Holiday Sweepstakes: You Could Win* a KitchenAid 7-Qt. Pro Line Stand Mixer and More! Enter the Giveaway

Follow us:

Restaurants & Bars

Heartland - St. Paul

Brad Ballinger | Mar 27, 200309:12 AM

15 of us descended upon this fairly new venture in St. Paul's Macalaster-Groveland neighborhood. This space was home to two tenants that I can remember. Most recently it had been Peter's Bistro - which was a good stop before going to see a movie at the Grandview Theater, but was a place that never really had an identity. Before that it was Napoleon's Bakery - a place that I still miss.

My impressions of Heartland may have been affected by being part of a large group. I would like to visit again as a party of 2-4.

The word on the street regarding this restaurant is that the food is very good - expert preparations using almost exclusively local ingredients (hence the name), but that the portions are small for the price. My first reaction to this criticism is that "Minnesota small" means regular-sized to many other parts of the U.S. After all, the measuring stick for portion size here in the heartland has tended to be Old Country Buffet. Having now eaten at Heartland, I can understand the criticism. But I still think that the cost is justified given the quality and selectivity of the ingredients.

There are two approaches one can take to the menu - prix fixe or a la carte. There are three prix fixe options, a meat and game at $35, a fish and seafood at $30, and a vegetable at $25. Each option consists of two savory courses and a dessert. I was a little surprised that a different dessert is "assigned" to each prix fixe option. I would think that diners should be allowed some choice here. If you choose to go a la carte, you can select from some of the prix fixe items, or choose from items not included in any of the prix fixe menus. On this visit, my wife ordered the fish and seafood prix fixe ($30), and I went off the board with a duck prosciutto salad ($10) and the cassoulet, which included elk, duck, rabbit ($24). No matter which approach you take, an amuse and a cheese course are also provided, inclusive.

The amuse was a seared venison tenderloin medallion topped with a strawberry slice, some arugula, some walnuts, and a flavored oil (but I can't recall the flavoring). I don't know if a vegetarian ordering the vegetable prix fixe would be stuck with this amuse or not. This one-biter was packed with flavor, and it all went together nicely.

My wife's first course was a freshwater bass chunk, dolled up. It was fantastic. So was the duck prosciutto salad with huge blackberries and pecans. It was perfectly dressed and nicely seasoned. So far, so good. Little was I to know that we had reached the peak of dinner. My wife's second course was a salmon fillet with asparagus and other goodies. She said the salmon was good, the asparagus was good, the goodies were good, but that the whole package was a little less than the sum of its parts - they just didn't fit together as well as they could have. The cassoulet showed signs of a heavy hand with the salt. The duck leg confit that topped it was too salty to the point of being inedible - mixing it into the stew helped a little. Had it been just the two of us, I may have sent it back. But being a party of 15, you sometimes just go along. Others who ordered the cassoulet had similar impressions. The cheese course was a big disappointment - one very small piece (about 1 inch x 1 inch x 1/4 inch - I'm not kidding) of Wisconsin cheddar and three homemade crackers the size of Wheat Thins. I didn't order a separate dessert - my wife and I decided to share. It was a beautifully presented pastry of some sort that looked better than it tasted - a bit dry.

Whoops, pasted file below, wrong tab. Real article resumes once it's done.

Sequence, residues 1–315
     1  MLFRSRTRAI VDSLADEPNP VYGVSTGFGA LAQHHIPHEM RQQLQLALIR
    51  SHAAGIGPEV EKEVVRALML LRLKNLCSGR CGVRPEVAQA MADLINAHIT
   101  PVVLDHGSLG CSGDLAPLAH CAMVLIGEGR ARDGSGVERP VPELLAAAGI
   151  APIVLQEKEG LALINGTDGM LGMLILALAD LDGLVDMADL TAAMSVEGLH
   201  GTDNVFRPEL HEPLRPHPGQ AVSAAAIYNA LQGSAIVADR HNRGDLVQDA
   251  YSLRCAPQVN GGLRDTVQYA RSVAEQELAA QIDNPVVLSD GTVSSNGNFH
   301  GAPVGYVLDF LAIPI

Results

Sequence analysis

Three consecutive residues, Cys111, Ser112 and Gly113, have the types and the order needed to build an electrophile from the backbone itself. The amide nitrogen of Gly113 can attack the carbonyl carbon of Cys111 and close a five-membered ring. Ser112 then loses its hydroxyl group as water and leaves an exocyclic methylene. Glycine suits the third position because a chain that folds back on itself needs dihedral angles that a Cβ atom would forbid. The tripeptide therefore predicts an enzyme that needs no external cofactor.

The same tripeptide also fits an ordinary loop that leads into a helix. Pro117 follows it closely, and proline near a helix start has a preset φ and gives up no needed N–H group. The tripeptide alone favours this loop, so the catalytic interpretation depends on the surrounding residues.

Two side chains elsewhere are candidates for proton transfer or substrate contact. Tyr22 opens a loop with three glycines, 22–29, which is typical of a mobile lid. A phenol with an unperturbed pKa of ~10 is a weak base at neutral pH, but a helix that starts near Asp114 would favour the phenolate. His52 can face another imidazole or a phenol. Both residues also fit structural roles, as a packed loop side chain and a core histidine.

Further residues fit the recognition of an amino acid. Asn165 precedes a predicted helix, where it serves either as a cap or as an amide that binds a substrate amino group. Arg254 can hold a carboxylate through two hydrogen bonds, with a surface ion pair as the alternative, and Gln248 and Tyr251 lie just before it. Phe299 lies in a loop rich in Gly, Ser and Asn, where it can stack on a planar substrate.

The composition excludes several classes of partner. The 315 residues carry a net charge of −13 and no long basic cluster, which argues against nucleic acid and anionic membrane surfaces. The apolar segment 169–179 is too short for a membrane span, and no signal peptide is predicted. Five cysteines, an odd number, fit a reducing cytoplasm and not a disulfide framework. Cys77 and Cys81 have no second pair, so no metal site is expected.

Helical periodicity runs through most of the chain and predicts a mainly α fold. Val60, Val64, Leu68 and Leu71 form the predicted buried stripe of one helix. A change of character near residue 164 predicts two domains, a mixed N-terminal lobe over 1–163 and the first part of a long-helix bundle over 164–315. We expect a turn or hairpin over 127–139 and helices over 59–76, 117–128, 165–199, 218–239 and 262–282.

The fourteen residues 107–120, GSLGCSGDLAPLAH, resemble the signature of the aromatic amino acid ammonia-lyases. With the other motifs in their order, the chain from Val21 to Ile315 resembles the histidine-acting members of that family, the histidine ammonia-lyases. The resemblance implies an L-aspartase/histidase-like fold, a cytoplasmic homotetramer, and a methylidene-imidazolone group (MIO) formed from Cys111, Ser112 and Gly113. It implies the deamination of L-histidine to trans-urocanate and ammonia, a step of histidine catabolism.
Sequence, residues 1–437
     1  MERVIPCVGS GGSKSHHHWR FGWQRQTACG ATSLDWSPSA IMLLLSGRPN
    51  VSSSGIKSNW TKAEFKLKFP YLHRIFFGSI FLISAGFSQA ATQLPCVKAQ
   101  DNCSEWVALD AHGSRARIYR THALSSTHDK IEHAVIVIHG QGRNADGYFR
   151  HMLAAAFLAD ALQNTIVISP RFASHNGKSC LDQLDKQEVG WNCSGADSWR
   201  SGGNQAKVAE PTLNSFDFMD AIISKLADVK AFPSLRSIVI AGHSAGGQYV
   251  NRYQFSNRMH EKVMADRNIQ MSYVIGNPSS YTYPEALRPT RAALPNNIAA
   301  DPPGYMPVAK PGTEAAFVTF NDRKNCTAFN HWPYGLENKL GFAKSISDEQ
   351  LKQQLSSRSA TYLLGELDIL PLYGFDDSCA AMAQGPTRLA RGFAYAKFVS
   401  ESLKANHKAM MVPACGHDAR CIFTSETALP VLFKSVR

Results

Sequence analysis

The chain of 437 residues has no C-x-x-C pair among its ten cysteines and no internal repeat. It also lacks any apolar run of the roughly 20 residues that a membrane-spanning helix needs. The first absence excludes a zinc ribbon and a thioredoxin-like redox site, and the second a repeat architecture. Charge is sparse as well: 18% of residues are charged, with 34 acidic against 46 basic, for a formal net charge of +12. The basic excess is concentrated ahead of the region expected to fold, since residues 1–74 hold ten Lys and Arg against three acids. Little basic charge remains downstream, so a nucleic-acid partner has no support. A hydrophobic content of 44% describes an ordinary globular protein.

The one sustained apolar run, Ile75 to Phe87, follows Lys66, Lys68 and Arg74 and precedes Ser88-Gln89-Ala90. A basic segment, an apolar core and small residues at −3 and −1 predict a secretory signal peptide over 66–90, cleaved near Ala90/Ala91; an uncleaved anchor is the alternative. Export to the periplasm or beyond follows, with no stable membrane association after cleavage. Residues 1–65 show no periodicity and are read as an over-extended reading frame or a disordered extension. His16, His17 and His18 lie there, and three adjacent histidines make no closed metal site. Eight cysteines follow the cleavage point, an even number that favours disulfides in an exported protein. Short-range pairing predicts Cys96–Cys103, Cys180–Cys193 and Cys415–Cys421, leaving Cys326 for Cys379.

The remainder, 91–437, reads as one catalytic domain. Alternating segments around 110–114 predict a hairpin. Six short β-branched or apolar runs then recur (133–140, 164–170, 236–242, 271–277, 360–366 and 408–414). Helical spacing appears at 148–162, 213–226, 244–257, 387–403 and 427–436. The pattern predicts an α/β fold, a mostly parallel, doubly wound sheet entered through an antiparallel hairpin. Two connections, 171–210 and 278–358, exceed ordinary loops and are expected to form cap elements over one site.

We had brought our own wines, but the wine list is very well done - great selection and incredible attractive pricing. Whatever one may think of the pricing of the food in relation to portion size, one can not complain about being gouged on the wine list. Speaking of portion size, they were smaller than I was antiicpating, so I'm figuring the price was reflecting ingredient acquisition and quality, which cannot be debated IMO.

Service was professional and courteous. No complaints whatsoever. Excellent stemware was provided for the wine. Ambience will vary depending upon where one sits. It's a small room (I think 42 seats), and there is a display-type kitchen along one entire wall. The kitchen, of course, needs fluorescent lighting. But if you are seated close to it, it makes for a starker lighting experience than you might otherwise expect. Tables further away experience more ambient lighting. The primo table to have is tucked into an alcove and sits 2-4.

So it was an experience that showed promise and potential. It's worth going to again, but with a smaller number in the dining party for a different experience. It's nice to have a restaurant that aspires to what this one aspires to become in the neighborhood, and I hope it succeeds.


Want to stay up to date with this post? Sign Up Now ›

Recommended from Chowhound

Catch up on the latest activity across all community discussions.
View latest discussions